Early voting helps Minnesotans avoid the rush, stay safe

Many Minnesotans will be voting on an array of local candidates and ballot questions November 2. While not every community […]

Many Minnesotans will be voting on an array of local candidates and ballot questions November 2. While not every community in the state will have an election, many are gearing for the big day.

Odd-numbered years typically have fewer names on the ballot. The core cities, Minneapolis and St. Paul, will be electing mayors, as will communities large and small. Many will be casting ballots for school board members, city council members, park boards and other bodies. Some will have ballot questions.

Many people like voting on the day of the election, going in to cast a ballot in person. For some people with disabilities, early voting is a better option. Early voting was especially popular last year during the COVID-19 pandemic. As cases spike, many people may consider that option again for 2021.

Early voting, long known as absentee voting, allows for ballots to be cast before an election. Minnesota has streamlined the process. Early voting starts 46 days before the election. This year early voting starts Friday, September 17.

Early votes can be cast by mail or in person. All Minnesota voters have at least one location where they can vote early in person with an absentee ballot. County election offices offer early voting. Some communities may offer additional locations.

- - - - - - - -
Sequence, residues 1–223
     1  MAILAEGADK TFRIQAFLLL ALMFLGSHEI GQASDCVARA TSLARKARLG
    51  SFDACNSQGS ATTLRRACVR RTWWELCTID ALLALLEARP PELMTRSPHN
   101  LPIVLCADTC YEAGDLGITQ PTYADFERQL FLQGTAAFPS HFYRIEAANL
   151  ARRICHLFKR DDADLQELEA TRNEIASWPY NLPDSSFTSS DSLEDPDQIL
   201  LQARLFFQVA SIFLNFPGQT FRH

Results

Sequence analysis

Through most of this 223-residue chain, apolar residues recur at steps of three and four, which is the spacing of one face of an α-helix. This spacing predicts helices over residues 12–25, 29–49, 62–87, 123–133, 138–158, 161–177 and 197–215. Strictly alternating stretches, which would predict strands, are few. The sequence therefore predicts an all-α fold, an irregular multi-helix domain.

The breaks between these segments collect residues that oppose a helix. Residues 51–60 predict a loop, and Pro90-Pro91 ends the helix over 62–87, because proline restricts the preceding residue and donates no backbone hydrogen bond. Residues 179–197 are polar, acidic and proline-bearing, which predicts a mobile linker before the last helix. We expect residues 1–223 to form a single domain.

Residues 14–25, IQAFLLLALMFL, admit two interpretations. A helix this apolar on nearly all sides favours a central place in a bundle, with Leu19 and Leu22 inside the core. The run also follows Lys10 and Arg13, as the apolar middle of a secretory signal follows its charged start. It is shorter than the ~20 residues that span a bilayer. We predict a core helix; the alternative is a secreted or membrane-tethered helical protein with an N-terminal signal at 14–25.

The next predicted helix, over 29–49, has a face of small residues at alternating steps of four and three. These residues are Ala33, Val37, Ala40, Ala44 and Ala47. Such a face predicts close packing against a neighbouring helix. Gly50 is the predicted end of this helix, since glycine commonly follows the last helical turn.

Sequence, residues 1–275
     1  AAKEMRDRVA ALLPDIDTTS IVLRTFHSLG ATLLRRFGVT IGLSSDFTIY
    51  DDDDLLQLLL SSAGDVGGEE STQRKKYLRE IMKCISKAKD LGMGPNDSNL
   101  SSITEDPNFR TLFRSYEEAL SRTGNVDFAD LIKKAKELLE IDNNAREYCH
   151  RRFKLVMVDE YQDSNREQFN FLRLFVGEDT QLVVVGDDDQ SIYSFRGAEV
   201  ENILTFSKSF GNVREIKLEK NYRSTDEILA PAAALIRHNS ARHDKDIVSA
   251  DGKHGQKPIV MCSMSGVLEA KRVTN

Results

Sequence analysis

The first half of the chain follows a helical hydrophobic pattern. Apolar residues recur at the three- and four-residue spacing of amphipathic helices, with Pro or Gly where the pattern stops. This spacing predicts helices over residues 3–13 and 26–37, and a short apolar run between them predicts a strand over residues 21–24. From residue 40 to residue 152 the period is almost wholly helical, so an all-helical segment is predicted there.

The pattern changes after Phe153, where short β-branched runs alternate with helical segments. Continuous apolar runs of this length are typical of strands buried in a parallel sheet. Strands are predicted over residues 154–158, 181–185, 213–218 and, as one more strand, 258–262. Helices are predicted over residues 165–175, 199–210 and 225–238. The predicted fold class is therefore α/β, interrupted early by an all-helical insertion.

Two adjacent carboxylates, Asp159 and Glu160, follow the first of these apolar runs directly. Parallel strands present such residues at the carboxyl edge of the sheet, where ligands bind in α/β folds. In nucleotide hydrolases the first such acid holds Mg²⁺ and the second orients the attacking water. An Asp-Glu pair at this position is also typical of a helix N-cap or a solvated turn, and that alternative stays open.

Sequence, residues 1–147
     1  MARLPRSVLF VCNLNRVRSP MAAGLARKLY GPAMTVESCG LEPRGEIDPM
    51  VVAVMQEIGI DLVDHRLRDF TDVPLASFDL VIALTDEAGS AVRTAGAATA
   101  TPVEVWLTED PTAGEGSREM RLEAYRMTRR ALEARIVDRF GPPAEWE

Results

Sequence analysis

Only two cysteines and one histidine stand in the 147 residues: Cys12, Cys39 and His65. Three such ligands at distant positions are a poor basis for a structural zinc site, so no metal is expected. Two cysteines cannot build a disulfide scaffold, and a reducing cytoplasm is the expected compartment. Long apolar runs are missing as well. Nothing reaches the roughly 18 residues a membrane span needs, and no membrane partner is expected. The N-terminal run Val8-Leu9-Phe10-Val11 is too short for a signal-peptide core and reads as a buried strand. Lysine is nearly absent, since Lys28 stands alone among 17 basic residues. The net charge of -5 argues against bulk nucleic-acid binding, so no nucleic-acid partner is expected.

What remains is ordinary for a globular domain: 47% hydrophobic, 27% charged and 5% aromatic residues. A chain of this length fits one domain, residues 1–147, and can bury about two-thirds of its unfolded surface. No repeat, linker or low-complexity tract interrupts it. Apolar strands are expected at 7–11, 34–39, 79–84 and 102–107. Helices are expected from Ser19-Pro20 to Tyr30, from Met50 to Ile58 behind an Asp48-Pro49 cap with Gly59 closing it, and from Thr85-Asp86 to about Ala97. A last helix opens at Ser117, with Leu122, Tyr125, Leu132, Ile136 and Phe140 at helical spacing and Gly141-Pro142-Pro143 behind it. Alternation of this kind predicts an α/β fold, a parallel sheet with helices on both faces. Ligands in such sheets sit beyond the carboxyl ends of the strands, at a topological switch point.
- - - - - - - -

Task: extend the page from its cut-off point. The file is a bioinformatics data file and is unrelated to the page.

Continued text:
For most elections, absentee voting locations must be open during normal business hours starting 46 days before the election. In addition, locations offering absentee ballots for federal, state or county elections must be open these days and times:

  • The last Saturday before Election Day (10 a.m. — 3 p.m.)
  • The day before Election Day until 5 p.m.

Some local jurisdictions may provide additional absentee voting days or hours beyond the above required days and times. Call your jurisdiction for more information.

The added times and dates don’t apply in communities where only school board elections are on the ballot.

Early ballots can also be mailed to voters.

Or in some cases, an agent can pick up and deliver a ballot to a voter, and then return it to the election office. Agent delivery is an option for some people with disabilities.

To qualify for agent delivery, the voter must live in a nursing home, assisted living facility, residential treatment center, group home, battered women’s shelter or be hospitalized or unable to go to the polling place due to incapacitating health reasons or a disability.

An agent must be at least 18 years old, have a pre-existing relationship with the voter and cannot be a candidate. An individual cannot be an agent of more than three voters in an election. The agent must show identification with their name and signature when returning a ballot.

Give your agent a completed absentee ballot application and a request for agent delivery of absentee ballot form. Have your agent take both forms to the local election office to receive your ballot.

Agents can pick up ballot starting seven days before the election until 2 p.m. on Election Day. An agent or someone else designated by the voter must return the ballot to the same elections office by 3 p.m. on Election Day. Ballots can also be returned by mail. What’s important to remember is that election officials must receive the ballot on or before Election Day.

Editor’s note: Elections coverage is provided in cooperation with Ramsey County Elections.

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